The paper is forthcoming in Environmental Research Letters -- here is the citation, abstract and concluding section:
Crompton, R. P.,  R. A. Pielke Jr. and K. J. McAneney, 2011 (forthcoming). Emergence time scales for detection of anthropogenic climate change in US tropical cyclone loss data, Environmental Research Letters V. 6, No. 1.


Recent reviews have concluded that efforts to date have yet to detect or attribute an anthropogenic climate change influence on Atlantic tropical cyclone (of at least tropical storm strength) behaviour and concomitant damage. However, identification of such influence cannot be ruled out in the future. Using projections of future tropical cyclone activity from a recent prominent study we estimate the time it would take for anthropogenic signals to emerge in a time series of normalized US tropical cyclone losses. Depending on the global climate model(s) underpinning the projection, emergence time scales range between 120 and 550 years, reflecting a large uncertainty. It takes 260 years for an 18-model ensemble-based signal to emerge. Consequently, under the projections examined here, the detection or attribution of an anthropogenic signal in tropical cyclone loss data is extremely unlikely to occur over periods of several decades (and even longer). This caution extends more generally to global weather-related natural disaster losses.


This study has investigated the impact of the Bender et al [11] Atlantic storm projections on US tropical cyclone economic losses. The emergence time scale of these anthropogenic climate change signals in normalized losses was found to be between 120 and 550 years. The 18-model ensemble-based signal emerges in 260 years.

This result confirms the general agreement that it is far more efficient to seek to detect anthropogenic signals in geophysical data directly rather than in loss data [14]. It also has implications for the emergence time scale of anthropogenic signals in global weather-related natural disaster losses given these losses are highly correlated with US tropical cyclone losses (supplementary discussion and supplementary table 1). Our results suggest that the emergence time scales are likely to be even longer than those determined for US tropical cyclone losses given that different perils will have different sensitivities to future anthropogenic climate change and may even change in different directions. We note that US tropical cyclone losses may become increasingly less correlated with global weather-related records as the loss potentials of developing countries in particular continue to rise rapidly, irrespective of future changes in climate [15]. This means that the relationship between the signal emergence time in US tropical cyclone losses and global losses may weaken over time.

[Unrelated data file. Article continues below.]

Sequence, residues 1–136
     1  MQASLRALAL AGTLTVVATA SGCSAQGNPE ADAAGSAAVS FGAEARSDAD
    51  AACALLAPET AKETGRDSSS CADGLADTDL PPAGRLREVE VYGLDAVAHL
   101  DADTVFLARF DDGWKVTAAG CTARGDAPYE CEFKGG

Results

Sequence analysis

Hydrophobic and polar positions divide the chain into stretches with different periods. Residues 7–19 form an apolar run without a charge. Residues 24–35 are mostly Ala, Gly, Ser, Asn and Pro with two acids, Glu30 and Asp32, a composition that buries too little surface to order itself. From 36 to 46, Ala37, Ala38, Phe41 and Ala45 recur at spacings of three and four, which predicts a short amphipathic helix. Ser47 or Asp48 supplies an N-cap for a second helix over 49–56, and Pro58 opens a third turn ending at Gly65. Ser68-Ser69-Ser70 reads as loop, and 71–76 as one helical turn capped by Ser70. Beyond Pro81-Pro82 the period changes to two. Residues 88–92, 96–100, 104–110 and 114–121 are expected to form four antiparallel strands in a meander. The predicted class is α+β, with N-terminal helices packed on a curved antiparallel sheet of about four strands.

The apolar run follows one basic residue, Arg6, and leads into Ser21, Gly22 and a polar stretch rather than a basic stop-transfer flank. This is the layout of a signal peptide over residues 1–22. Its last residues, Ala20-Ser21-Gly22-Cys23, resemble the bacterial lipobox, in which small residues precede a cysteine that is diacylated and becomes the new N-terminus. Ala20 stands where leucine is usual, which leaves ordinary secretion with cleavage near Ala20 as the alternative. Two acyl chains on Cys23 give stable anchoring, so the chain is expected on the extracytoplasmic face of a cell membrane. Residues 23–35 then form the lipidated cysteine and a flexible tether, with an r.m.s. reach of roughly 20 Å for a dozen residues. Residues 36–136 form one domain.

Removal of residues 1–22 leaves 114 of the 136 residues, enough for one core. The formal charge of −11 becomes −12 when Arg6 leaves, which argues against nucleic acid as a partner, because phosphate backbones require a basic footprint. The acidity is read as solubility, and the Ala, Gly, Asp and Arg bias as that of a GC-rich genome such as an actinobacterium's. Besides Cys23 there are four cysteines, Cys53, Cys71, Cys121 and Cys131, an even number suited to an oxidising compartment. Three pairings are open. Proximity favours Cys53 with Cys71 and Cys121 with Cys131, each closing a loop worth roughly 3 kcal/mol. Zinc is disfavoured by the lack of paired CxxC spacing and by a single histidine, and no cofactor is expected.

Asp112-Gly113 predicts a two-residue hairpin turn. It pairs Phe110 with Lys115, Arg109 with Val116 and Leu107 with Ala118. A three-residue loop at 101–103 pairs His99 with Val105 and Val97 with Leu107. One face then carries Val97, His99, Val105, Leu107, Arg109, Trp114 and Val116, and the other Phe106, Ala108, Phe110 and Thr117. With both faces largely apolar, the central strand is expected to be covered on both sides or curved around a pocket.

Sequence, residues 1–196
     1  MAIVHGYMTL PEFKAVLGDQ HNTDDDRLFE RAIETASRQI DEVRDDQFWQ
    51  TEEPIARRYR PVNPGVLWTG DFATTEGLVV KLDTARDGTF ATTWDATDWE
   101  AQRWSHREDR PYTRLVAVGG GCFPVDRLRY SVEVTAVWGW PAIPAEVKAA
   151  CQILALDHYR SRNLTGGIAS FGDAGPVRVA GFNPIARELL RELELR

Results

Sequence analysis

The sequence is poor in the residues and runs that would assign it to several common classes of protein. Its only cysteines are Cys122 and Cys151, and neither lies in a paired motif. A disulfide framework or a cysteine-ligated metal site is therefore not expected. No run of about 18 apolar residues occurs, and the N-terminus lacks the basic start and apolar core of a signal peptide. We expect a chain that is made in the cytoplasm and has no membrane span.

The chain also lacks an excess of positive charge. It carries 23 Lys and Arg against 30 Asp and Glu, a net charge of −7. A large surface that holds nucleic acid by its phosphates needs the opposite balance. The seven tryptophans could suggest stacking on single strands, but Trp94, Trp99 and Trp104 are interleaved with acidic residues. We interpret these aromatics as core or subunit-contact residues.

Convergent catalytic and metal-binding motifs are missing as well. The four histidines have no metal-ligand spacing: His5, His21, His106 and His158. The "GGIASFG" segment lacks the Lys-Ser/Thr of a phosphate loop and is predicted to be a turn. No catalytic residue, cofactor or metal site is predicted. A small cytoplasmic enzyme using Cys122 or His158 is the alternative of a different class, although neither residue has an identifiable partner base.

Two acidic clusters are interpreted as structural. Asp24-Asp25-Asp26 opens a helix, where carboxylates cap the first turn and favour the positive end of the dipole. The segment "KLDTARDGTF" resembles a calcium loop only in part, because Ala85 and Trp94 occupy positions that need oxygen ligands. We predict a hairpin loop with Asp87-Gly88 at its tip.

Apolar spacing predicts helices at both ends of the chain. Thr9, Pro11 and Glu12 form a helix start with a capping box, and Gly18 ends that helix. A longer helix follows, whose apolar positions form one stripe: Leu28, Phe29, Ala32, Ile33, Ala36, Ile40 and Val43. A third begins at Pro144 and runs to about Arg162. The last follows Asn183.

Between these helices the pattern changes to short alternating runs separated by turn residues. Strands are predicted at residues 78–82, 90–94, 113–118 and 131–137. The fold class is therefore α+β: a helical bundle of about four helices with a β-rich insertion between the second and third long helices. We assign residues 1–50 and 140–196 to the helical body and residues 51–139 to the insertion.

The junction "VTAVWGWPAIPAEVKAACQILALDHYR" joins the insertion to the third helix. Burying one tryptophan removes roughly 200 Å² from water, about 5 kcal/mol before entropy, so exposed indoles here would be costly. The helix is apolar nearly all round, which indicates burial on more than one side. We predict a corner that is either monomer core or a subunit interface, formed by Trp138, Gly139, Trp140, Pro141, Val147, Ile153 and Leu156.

Based on the results from our emergence time scale analysis we urge extreme caution in attributing short term trends (i.e., over many decades and longer) in normalized US tropical cyclone losses to anthropogenic climate change. The same conclusion applies to global weather-related natural disaster losses at least in the near future. Not only is short term variability not ‘climate change’ (which the IPCC defines on time scales of 30 to 50 years or longer), but anthropogenic climate change signals are very unlikely to emerge in US tropical cyclone losses at time scales of less than a century under the projections examined here.

Our results argue very strongly against using abnormally large losses from individual Atlantic hurricanes or seasons as either evidence of anthropogenic climate change or to justify actions on greenhouse gas emissions. There are far better justifications for action on greenhouse gases. Policy making related to climate necessarily must occur under uncertainty and ignorance. Our analysis indicates that such conditions will persist on timescales longer than those of decision making, strengthening the case for expanding disaster risk reduction in climate adaptation policy [15].
If you'd like a pre-publication copy of the paper please send me an email at pielke@colorado.edu.